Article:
To discover that I am to be a father has been a shock to me, though I think I have disguised it pretty well. I know it will change my life tremendously, and that is not an easy thing to contemplate at the age of sixty. But I have a curious feeling of elation, of response to a challenge from destiny. 

Thursday, 3 September 2015


Monday, September 3rd., 1928
At 75 Cadogan Square, London.

After chores I reached the St. James's Theatre at 11 a.m. My play, "The Return Journey" opened there two days ago. Everyone was pretty gloomy except me. They pretend to despise critics but they attach extraordinary importance to everything the critics say. Gilbert Miller was cheerful and he and I upraised these spirits. By 5 p.m. they were quite cheerful, and dreaming of "an enormous success"; and so on. I was on the stage for six hours during the day, making minor alterations, and changing the business at the end of the last act, and rehearsing the same. I doubt that it will make much difference but sometimes the semblance of positive activity has a revitalising effect.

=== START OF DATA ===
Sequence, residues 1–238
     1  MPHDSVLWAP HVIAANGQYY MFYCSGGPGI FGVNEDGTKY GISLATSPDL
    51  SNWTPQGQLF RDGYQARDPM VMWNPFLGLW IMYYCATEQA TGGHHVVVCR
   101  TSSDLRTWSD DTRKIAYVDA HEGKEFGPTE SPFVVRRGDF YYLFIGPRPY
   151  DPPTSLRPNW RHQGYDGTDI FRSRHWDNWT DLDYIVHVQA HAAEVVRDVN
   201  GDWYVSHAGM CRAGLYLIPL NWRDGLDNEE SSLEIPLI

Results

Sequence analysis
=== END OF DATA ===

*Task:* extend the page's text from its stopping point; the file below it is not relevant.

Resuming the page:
I do not believe that notices affect the fate of plays. No play of mine has ever had a good press except "Mr. Prohack". There are not, literally, three dramatic critics in London whose opinions have the least interest for me. I hate the stage but I cannot help writing a play now and then. These plays are always a damned nuisance to me after they are written. God knows whether this play is any good. I don't. I merely know that nine critics out of ten have shown no understanding of the whatsoever. This is usual.

In any case it looks as if the future will be in motion pictures not the theatre and I am still working on my "Punch and Judy" film. Whether I will have any success in the new medium remains to be seen. I suspect not, as I am now in my sixties and it is difficult to embrace new ideas even though one feels oneself to be open to them.